Spain rules out bailout package
Prime minister Zapatero says "absolutely" no prospect of Irish-style rescue, despite concerns over public deficit.
Last Modified: 26 Nov 2010 12:10 GMT
The Irish crisis has revived concerns about the Spanish economy and financial sector [GALLO/GETTY]

Jose Luis Rodriguez Zapatero, Spain's prime minister, has "absolutely" ruled out any Irish-style financial rescue plan for his country's economy.

The prospect of a rescue for Spain's economy, which is twice the size of Ireland, Greece and Portugal combined, is sowing a deep concern in world financial markets.

In an interview on Friday with RAC 1, a Catalan radio station, Zapatero sought to clear the uncertainty.

"I am not delivering a message of confidence just because I want to but because of concrete facts," he said.

Asked if he could rule out a rescue, he replied: "Absolutely."

Zapatero said there was "no scenario" under which a rescue plan could be envisioned for Spain.

"Those who push this idea are not contributing to calm," he said.

The Irish crisis has revived concerns about the Spanish property-dependent economy and financial sector.

Any rescue of Spain's economy would dwarf Ireland's. Spain accounts for 12 per cent of economic output among the 16 nations that use the Euro currency, equal to twice that of Ireland, Portugal and Greece combined.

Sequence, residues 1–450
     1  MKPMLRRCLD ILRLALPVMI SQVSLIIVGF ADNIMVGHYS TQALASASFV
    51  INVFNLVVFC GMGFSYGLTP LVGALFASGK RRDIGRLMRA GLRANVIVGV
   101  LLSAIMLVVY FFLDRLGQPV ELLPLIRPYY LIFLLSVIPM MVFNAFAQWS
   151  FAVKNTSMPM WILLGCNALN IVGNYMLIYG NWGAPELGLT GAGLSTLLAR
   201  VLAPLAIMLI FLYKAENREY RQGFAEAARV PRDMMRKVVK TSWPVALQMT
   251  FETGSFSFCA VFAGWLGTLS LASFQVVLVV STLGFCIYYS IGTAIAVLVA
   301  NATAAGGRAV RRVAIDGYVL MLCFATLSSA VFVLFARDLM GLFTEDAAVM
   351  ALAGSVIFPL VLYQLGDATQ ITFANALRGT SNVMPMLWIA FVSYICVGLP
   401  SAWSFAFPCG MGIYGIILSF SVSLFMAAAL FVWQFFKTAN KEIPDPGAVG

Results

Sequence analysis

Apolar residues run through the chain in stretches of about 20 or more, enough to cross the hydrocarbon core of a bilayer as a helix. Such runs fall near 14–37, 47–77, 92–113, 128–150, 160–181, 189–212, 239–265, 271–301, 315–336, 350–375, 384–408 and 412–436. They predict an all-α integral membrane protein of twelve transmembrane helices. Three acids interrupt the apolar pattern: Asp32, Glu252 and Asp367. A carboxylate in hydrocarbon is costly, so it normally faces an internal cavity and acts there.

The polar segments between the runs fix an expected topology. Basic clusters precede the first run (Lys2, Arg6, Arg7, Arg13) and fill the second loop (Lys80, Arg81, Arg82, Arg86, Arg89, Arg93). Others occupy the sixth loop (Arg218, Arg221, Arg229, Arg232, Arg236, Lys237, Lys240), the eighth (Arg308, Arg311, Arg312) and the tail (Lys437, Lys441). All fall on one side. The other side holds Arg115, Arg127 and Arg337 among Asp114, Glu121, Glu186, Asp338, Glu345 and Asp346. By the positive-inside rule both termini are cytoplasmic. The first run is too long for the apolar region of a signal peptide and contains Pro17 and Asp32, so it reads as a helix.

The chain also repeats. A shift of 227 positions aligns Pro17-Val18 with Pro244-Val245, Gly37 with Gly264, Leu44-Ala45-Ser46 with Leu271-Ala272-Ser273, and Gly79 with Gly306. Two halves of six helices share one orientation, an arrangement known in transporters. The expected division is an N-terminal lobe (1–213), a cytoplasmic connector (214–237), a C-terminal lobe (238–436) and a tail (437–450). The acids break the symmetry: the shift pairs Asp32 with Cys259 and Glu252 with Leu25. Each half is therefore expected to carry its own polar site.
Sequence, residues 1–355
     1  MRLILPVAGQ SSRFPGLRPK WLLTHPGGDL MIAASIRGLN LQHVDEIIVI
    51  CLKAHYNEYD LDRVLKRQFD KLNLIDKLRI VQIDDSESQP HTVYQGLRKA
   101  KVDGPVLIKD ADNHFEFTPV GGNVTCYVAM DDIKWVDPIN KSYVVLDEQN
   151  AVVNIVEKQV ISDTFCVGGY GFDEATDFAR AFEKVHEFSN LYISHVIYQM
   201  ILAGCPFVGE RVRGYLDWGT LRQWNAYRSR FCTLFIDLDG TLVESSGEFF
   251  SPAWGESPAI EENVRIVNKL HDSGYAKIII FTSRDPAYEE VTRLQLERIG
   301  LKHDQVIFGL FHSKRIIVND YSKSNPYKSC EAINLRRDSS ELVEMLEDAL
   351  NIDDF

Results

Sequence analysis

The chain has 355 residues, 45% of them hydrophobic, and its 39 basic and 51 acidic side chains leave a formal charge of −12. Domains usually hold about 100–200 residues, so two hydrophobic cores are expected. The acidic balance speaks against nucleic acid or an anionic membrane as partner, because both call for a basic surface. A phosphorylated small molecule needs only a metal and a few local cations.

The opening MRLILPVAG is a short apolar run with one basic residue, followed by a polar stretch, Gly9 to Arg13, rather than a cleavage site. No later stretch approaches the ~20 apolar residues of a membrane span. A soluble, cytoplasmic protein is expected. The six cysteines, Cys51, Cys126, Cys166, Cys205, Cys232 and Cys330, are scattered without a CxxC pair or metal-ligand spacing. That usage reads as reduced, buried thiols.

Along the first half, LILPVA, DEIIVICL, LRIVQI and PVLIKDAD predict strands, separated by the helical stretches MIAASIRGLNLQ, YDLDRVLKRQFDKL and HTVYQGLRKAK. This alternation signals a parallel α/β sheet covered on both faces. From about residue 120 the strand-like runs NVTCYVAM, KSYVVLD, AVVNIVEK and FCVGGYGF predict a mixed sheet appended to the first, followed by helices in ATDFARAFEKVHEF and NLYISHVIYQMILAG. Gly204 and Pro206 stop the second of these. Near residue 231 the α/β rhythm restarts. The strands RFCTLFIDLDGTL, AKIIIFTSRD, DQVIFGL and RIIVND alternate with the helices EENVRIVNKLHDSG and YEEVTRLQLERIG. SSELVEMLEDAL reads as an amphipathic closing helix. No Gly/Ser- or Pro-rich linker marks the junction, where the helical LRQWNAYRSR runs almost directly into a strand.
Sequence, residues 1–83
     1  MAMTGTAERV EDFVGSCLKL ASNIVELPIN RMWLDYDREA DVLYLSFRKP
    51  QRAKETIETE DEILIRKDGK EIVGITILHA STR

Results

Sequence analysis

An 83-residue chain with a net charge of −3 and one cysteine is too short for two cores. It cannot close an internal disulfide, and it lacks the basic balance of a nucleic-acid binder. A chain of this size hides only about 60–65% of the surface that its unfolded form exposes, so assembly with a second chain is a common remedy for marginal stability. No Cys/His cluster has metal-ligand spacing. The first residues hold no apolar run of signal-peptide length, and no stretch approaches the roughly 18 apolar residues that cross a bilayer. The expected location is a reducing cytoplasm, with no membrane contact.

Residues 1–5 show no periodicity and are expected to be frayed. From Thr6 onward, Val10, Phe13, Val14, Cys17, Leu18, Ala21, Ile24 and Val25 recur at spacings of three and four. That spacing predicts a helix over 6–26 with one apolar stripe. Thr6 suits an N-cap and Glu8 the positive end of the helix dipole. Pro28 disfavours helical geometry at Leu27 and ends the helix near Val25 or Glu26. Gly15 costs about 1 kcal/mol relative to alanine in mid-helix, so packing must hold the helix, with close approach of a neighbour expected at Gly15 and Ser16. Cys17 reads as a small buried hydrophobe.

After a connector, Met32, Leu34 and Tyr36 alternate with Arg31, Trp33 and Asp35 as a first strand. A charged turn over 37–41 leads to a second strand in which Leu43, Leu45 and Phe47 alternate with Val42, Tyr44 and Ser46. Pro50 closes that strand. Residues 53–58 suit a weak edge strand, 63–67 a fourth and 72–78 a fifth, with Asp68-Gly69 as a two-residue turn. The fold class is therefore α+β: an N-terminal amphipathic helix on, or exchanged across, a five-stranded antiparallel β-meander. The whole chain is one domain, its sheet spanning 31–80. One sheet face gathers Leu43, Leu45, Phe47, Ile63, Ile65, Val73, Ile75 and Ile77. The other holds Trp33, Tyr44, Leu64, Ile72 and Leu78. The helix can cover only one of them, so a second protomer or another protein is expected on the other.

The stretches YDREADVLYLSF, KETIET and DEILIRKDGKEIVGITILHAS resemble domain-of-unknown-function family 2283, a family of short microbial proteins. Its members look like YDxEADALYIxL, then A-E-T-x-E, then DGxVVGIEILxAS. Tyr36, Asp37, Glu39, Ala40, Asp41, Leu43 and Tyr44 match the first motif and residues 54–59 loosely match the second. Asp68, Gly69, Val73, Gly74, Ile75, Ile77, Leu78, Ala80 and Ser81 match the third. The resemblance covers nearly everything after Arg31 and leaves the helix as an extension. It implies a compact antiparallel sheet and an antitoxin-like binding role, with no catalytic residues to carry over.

The prime minister's comments came a day after Miguel Martin, the president of the Spanish Banking Association, urged the government to deepen the reforms that have already been taken.

Previous attempts

Spain has already cut spending, raised taxes, reformed labour laws and restructured the regional bank savings system.

Yet the daily newspaper El Pais reported on Friday that eight of Spain's 17 autonomous regions expect to bust government-imposed public deficit targets for 2011.

The Socialist government has committed to slashing its public deficit, which grew to 11.1 per cent of gross domestic product in 2009.

It is aiming for 9.3 per cent in 2010, six per cent in 2011 and then three per cent in 2013.

The large degree of political autonomy enjoyed by Spanish regions, however, is casting doubt over whether the government is on track to meet the ambitious targets.

Elena Salgado, the country’s finance minister met policymakers of the 17 regions on Wednesday to remind them of the targets and to request economic updates each quarter.

She also showed the red card to the regions of south eastern Murcia and central Castile-La Mancha. Because they have a "significant risk" of being unable to meet their deficit targets in 2010, they will not be allowed to issue bonds until they are back on track.

The international rating agency Moody's Investors Service downgraded five regions in June. In recent weeks, it has done likewise to the eastern regions of Catalonia and Valencia, while warning of possible downgrades for three others.

Spain has a highly decentralised system of government and budget management. The country is a member of the Eurozone as well as of the European Union, which bases budget ceilings on the so-called public deficit. This measure covers the state, welfare and also local authority budgets.

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